Sephora has since defended its efforts to combat reselling, calling it 'a pervasive issue' after shutting down numerous accounts earlier this month.
However, the New York Daily News reported that attorney Doug Wigdor disagreed, stating that; “This is an egregious example of a retailer singling out individuals based on racial stereotypes.”
According to Manhattan Federal Court suit charges, the deactivated accounts were almost exclusively associated with email addresses or names that appeared to signify Asian ethnicity, or tied to web domains originating from Asia.
Two of the plaintiffs named in the suit are New Yorkers: Xiao Xiao of Manhattan and Tiantian Zou of Queens.
The documents also claim that various users still have not been able to reactivate their accounts despite pleas they don’t hustle beauty products on the black market.
Brand is flooded with complaints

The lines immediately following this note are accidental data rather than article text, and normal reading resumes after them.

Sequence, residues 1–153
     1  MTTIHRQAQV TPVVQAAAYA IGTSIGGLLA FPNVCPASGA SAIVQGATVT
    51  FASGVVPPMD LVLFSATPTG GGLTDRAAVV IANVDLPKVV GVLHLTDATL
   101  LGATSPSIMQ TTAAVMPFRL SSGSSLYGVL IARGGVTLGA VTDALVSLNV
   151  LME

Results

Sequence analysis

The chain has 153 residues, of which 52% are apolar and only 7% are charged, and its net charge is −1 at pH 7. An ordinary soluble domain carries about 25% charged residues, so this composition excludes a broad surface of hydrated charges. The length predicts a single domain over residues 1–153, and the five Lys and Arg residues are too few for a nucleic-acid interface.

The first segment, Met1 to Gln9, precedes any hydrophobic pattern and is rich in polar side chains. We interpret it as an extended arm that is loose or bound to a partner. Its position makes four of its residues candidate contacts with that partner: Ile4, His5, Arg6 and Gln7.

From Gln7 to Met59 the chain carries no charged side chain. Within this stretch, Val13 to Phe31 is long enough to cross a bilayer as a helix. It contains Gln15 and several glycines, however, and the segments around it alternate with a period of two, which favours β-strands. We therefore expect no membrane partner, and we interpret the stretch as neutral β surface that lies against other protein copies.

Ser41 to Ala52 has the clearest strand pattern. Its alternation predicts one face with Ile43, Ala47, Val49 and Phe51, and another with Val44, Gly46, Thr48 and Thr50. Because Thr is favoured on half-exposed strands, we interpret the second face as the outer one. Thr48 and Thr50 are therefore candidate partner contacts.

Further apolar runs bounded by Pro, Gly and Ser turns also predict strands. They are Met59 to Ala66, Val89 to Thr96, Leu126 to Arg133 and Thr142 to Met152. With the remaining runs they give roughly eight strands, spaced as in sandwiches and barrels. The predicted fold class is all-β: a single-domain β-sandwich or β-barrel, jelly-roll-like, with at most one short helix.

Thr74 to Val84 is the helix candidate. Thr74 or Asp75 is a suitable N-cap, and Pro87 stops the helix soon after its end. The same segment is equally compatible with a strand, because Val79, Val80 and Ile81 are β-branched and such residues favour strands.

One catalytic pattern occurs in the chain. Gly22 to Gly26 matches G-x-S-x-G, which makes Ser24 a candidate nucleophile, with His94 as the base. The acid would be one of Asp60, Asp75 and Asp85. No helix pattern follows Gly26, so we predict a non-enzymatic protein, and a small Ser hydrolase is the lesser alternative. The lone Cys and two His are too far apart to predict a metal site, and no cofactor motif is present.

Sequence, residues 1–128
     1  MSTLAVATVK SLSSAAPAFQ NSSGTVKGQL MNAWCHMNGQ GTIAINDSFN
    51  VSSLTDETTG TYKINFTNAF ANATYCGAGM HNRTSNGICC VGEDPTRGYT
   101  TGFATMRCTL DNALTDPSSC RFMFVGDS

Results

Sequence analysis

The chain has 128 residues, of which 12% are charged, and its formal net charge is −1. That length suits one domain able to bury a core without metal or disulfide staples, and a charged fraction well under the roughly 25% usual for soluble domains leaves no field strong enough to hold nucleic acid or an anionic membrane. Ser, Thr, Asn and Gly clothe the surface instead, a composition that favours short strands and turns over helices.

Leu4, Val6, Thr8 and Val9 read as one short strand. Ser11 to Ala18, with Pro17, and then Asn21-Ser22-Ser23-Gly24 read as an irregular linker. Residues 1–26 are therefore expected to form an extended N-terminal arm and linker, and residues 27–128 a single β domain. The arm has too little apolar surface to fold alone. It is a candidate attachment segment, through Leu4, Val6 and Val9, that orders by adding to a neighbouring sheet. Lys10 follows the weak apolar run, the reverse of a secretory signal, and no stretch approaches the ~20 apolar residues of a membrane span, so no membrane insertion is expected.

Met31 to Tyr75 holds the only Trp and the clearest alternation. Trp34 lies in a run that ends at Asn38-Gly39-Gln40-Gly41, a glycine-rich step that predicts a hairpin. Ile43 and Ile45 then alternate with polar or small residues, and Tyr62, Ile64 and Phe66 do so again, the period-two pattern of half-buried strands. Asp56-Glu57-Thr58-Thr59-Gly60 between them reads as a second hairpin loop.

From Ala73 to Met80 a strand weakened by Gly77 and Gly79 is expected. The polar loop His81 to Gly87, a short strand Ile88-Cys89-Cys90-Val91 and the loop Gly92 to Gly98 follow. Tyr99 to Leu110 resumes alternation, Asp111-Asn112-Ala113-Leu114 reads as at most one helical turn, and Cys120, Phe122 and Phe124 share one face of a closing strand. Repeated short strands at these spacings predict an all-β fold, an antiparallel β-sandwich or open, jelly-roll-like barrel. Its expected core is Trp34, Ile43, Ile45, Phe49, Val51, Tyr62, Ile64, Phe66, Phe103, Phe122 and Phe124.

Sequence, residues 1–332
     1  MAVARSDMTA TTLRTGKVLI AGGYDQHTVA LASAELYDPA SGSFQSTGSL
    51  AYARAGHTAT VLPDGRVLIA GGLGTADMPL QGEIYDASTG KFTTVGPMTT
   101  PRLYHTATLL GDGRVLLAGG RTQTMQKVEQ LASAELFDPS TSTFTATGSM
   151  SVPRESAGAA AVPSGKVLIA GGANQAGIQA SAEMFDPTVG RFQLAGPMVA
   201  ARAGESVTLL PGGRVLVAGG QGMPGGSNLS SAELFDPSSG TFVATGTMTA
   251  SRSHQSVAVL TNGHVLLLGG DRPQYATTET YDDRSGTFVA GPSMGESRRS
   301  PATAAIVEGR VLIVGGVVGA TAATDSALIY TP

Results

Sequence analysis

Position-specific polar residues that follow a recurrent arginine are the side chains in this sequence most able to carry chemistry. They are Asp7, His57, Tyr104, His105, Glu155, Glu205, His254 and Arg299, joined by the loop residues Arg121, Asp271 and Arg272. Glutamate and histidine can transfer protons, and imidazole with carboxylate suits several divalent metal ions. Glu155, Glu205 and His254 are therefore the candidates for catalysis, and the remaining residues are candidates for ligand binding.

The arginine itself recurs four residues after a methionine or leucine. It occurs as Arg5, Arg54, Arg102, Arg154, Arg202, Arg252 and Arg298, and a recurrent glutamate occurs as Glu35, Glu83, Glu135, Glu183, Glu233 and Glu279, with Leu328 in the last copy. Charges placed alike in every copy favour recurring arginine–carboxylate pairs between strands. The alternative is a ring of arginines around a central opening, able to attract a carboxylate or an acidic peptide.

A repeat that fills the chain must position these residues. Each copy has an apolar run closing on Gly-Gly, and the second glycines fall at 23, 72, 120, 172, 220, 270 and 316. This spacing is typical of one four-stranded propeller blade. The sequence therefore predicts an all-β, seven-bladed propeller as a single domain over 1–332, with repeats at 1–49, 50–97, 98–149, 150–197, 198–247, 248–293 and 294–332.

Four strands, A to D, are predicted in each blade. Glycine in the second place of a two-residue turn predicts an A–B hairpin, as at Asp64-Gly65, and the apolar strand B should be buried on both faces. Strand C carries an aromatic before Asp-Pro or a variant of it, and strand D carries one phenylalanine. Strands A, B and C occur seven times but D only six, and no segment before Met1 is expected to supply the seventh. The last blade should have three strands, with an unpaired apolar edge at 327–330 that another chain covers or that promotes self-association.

In early November, Sephora’s Facebook page was filled with complaints from customers with Chinese surnames posting from Asia, the United States, and Canada.
Styleite took some screen grabs of complaints, like these you can see here on the right.
In a statement, Sephora stated site issues on international bulk buyers and re-sellers.
Sephora stated that it was taking steps to restore website functionality and that some of its' loyal North American and international clients got temporarily blocked as a result.
"We understand how frustrating it is and are deeply sorry for the disruption to your shopping experience. However, we have identified certain entities who take advantage of promotional opportunities to purchase products in large volume on our website and re-sell them through other channels."
Thus, the retail giant reported it had deactivated these accounts in order to optimize product availability for the majority of its' clients, as well as "ensure that consumers are not subject to increased prices or products that are not being handled or stored properly."